Director: Bill Holderman
Screenwriter: Bill Holderman and Erin Simms
Craig T. Nelson
Runtime: 104 mins.
Australian release date: 30 August 2018
Previewed at: Event Cinemas, George Street, Sydney, on 12 August 2018.
What on earth were Jane Fonda, Mary Steenburgen, Diane Keaton and Candice Bergen thinking when they signed up for Book Club? These are four veteran actors with talent to burn and, yes, roles for older females are regrettably hard to come by in Hollywood, but still. They must have been made an offer they couldn’t refuse and whatever it was, I hope it was worth it because they’ve set back the sisterhood considerably with their choice, turning the old feminist adage that ‘a woman without a man is like a fish without a bicycle’ on its head.
The four elderly gal-pals have been friends for many years, meeting regularly at one or other of their abodes to talk about their monthly book choice and imbibe in a lot of white wine. At one of these get-togethers, it’s decided that the next book they all read will be E. L. James’s erotic romance novel Fifty Shades of Grey. Vivian (Jane Fonda) owns a swanky hotel and is happy to play the field when it comes to male companionship, Sharon (Candice Bergen) is a divorced federal judge consumed by her work, Diane (Diane Keaton) is recently widowed and hen-pecked by her two over-protective adult daughters, and Carol (Mary Steenburgen) is unhappily married to her newly retired husband Bruce (Craig T. Nelson), but the book, plus the other two in the 50 Shades trilogy, rekindles fires in all of them that haven’t blazed for many years. And so, these mature, intelligent, professional women all start behaving like they’re adolescent teenagers again, intent on finding, or re-establishing, a sexual relationship with a male.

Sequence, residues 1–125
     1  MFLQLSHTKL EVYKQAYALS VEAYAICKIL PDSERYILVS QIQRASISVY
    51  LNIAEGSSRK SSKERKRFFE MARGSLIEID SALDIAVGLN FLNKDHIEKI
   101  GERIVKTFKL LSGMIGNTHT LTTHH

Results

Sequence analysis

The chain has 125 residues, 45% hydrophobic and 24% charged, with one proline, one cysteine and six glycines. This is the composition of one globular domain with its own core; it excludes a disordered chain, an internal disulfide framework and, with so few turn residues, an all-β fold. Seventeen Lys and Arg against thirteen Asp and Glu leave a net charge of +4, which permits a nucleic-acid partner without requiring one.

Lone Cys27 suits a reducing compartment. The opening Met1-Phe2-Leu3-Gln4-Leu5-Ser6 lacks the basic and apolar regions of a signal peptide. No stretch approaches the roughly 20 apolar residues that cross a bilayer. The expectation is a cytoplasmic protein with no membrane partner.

The script of Book Club, written by director Bill Holderman and Erin Simms, feels like it’s been compiled from the pages of a Californian self-help manual, a collection of sentiments on Hallmark greeting cards and one of those calendars that provide you with a thought for the day. As a result, it’s hard to accept the goings-on and believe that these bright women would talk this way; you can’t imagine, for example, Supreme Court judge Ruth Bader Ginsburg, the subject of the recent doco RBG, speaking or behaving the way Candice Bergen’s federal judge Sharon does. OK, Book Club is designed to be a light confection but this is so airy it’s in danger of floating off into the clouds, never to be seen again. There is, of course, some pleasure to be had in watching these famous thespians hamming it up, not only the four leads but also Garcia, Simpson, Nelson and Dreyfuss, but it’s not enough to make up for the film’s many other flaws. However, these faults won’t make a blind bit of difference to the film’s target audience. The preview audience of ‘women of a certain age’ seemed to love every minute of it.